I have nothing against criticism as such – indeed, it is indispensable. Far from being marginal, it could, and should, be for the public good, on two conditions: firstly, there should be only professional critics, that is to say performing artists who know what they are talking about, and secondly, whatever the judgement, it should be constructive both as regards the work and the performance.

Ideally, one would like to see the return of the buccaneering spirit which, to my mind, gave the artistic movements of the Romantic period their impetus. In those blissful times, accounts of the first concerts given in Paris by an unknown young musician by the name of Frédéric Chopin were not signed by some dilettante ‘monsieur Croche’ but by Franz Liszt. When a very discouraged Ravel was sent back the manuscript of his First Quartet heavily cut by a certain Dubois, about whom the only thing great was his opinion of himself, Debussy at once despatched a note: "In the name of the gods of music and in mine, do not alter a note!" Such exceptional people, and many others, did not just withdraw into a comfortable cocoon and it is to them that Western music owes much of its cultural heritage. Above all, they were potential professionals capable not only of understanding but, in the case of musicians, playing or even conducting the works of their peers. They knew exactly what they were talking about and wrote well-informed criticism to guide public taste. In our troubled times, I trust that some day in the not so distant future, artists will work together to enlighten audiences saturated with nonsense.

Anyway, it is well known that each species of animal has its parasite: the crocodile never swallows the little bird which flutters in its half-open jaws; the fiercest shark tolerates the minute remora. Any form of artistic creation has its second-rate conscientious objectors operating on a part time basis. It is in the order of things. As Diderot wrote: "Rhetoric is to eloquence what theory is to practice or poetics to poetry."

This golden rule applies to all types of artistic expression, just as it does to any coherent interpretation. The figures and flowers of rhetoric governing the particular form, content, style and syntax of each composer were precisely what I had to disinter from my memory after so many years. My fingers had to be retrained until they adapted automatically to Chopin’s rubato, which is not always ideally suited to Schumann. Debussy’s piano works must be played as if the fingers are barely touching the keys. The same goes for Ravel, except that the sound must always be crystalline whereas his moods require a subtle mixture of both as well as requiring a pinch of gold dust and a touch of slightly fin-de-siècle perfume to add to the charm of a music as refined as it is volatile. One must know too that the controlled or feverish energy of most great Romantic composers has nothing to do wild the wild pulse underlying the benign exterior of certain of Liszt’s works. It is a power which has to be carefully controlled. There are just as many traps to avoid and taboos to respect in Bach, Mozart, Beethoven and Bartók if one’s playing is not to run the risk of sounding monotonous and lacking in substance, relegated from the rank of the language of the Gods to that of music therapy, with its emotional power limited to putting the audience in a good mood as they commune in the boredom distilled by a false idol.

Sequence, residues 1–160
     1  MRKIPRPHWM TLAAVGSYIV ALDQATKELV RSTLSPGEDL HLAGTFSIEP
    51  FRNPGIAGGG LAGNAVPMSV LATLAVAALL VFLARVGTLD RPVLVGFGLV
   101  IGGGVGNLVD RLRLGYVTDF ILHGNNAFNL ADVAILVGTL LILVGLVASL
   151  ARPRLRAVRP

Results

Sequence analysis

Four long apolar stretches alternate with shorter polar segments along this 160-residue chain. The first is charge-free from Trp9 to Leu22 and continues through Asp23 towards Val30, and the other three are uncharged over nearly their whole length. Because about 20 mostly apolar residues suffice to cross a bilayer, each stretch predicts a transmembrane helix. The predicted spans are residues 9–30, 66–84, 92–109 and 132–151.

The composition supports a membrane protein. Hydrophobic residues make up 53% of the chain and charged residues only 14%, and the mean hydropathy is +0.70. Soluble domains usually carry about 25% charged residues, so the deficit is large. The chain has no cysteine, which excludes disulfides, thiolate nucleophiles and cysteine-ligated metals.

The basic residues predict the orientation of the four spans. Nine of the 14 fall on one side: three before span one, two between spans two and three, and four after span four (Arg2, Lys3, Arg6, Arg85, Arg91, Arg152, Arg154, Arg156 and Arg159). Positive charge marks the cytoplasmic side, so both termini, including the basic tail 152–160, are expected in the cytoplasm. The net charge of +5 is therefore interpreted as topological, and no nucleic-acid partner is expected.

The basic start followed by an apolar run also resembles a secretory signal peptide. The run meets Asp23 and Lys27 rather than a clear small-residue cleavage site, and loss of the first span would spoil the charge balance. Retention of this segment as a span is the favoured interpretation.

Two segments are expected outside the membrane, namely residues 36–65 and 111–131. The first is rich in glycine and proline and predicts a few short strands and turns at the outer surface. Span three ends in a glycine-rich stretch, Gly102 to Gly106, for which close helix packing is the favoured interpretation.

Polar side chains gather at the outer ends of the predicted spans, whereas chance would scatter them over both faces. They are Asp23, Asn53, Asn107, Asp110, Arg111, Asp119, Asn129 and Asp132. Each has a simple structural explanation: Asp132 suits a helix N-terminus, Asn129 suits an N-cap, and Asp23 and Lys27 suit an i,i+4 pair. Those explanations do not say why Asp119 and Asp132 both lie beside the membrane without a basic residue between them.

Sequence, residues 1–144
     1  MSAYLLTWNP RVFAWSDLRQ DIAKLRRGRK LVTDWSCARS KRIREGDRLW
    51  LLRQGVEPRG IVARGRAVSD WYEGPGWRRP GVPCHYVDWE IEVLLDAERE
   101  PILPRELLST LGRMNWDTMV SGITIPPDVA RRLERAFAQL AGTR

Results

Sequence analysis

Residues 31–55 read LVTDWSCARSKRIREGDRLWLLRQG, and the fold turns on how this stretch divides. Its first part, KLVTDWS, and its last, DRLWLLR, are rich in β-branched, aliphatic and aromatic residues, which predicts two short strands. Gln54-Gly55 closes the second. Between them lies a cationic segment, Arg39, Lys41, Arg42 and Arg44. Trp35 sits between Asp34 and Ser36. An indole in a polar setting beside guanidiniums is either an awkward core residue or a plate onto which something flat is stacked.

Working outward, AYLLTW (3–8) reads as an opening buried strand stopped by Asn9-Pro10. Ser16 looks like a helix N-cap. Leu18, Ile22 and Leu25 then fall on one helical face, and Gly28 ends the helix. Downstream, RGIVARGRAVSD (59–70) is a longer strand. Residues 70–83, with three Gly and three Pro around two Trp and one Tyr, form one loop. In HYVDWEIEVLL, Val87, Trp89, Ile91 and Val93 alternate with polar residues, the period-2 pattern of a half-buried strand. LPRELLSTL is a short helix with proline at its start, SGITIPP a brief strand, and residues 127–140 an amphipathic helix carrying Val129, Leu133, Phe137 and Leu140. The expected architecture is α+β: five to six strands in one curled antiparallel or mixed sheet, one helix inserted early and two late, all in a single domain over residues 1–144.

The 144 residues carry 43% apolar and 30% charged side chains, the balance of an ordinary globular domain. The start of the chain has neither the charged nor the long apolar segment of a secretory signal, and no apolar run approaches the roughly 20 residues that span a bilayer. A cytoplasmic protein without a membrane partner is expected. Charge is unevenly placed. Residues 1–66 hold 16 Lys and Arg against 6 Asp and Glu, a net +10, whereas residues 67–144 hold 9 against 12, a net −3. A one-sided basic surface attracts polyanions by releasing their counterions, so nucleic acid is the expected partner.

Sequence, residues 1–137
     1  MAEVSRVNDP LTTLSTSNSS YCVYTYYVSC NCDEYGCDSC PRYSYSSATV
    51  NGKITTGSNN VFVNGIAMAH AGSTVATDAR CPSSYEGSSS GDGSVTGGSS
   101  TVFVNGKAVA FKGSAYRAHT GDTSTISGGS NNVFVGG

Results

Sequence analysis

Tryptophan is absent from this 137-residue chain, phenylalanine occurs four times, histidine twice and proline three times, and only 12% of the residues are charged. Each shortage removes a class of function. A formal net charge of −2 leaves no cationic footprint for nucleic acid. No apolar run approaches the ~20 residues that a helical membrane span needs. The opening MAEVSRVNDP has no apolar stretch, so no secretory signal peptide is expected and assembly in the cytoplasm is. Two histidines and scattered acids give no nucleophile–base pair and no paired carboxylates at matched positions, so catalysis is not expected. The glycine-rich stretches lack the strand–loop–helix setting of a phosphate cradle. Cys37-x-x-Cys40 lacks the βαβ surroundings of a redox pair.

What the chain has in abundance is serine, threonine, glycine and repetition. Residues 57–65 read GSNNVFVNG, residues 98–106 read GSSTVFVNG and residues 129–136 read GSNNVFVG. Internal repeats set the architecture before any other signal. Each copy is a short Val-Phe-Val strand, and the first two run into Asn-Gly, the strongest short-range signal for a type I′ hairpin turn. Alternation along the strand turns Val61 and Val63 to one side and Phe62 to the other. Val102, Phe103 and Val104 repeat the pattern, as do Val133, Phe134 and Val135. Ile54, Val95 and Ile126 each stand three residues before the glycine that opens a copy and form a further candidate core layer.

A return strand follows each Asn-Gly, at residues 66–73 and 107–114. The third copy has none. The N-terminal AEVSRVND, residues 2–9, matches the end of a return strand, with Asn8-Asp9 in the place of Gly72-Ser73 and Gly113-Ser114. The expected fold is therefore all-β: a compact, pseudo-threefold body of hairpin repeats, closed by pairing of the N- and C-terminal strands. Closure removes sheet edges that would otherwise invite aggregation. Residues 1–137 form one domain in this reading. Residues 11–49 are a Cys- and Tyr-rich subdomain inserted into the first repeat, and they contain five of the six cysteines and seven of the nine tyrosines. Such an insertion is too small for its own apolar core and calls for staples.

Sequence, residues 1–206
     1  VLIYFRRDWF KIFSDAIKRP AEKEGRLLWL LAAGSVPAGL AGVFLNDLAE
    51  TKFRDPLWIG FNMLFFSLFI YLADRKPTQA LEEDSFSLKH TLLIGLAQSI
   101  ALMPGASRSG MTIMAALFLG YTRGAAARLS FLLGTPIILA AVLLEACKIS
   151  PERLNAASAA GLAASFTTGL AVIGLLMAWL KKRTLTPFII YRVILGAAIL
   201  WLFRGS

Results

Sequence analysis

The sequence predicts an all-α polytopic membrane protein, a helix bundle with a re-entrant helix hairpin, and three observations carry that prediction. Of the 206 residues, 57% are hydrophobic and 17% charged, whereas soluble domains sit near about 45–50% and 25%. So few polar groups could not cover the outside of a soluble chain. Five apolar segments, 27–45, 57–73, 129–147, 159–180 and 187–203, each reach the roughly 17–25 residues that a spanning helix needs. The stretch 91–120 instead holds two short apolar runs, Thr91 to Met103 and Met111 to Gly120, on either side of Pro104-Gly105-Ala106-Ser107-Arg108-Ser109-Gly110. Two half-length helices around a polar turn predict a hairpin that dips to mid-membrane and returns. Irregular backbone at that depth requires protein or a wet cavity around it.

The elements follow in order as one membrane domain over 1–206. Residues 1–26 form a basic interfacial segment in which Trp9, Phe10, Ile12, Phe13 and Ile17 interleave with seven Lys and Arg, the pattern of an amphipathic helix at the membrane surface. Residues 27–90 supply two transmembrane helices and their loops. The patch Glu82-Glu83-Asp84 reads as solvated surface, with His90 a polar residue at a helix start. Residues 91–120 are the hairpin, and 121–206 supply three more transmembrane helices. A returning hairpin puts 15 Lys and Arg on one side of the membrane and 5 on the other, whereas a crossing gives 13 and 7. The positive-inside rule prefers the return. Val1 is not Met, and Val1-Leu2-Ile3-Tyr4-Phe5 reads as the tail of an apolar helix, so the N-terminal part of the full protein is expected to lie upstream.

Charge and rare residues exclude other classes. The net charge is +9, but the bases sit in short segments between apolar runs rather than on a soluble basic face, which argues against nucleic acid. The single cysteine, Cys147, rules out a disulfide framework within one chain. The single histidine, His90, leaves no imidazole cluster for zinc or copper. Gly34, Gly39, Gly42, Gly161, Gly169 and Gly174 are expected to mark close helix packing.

All these thoughts filled my mind as I left the Ministry of Cultural Affairs, hurrying home to ell everyone the great news. When it came down to it, my wandering beggar’s existence, during which I had had to put up with misunderstandings and jibes as I was chased from pillar to post, had taught me the basics of the supremely complex profession of being an artist: how to maintain one’s distance and separate mind from feeling. And how to reason using formal logic while being capable of reasoning in a more flexible manner? My new idea was to superpose the two forms of thought, according to the principle that harmonious reasoning is like a straight line decorated with spirals, rather like the inside of the barrel of a cannon. Not so long before, when I had been cleaning the one on my tank, Schumann’s celebrated saying had come to mind. After hearing Liszt’s playing, he defined the ideal interpreter as being like ‘cannons beneath a bed of flowers’[This was in fact said about Chopin's 'Polonaises']. This was perhaps the most difficult challenge I had ever had to meet: to convey through my playing, with so little time to go, a radical transformation of myself, becoming once more what I should never have ceased to be. Pianistically speaking, I was probably at the height of my powers but as a human being I was physically and morally exhausted.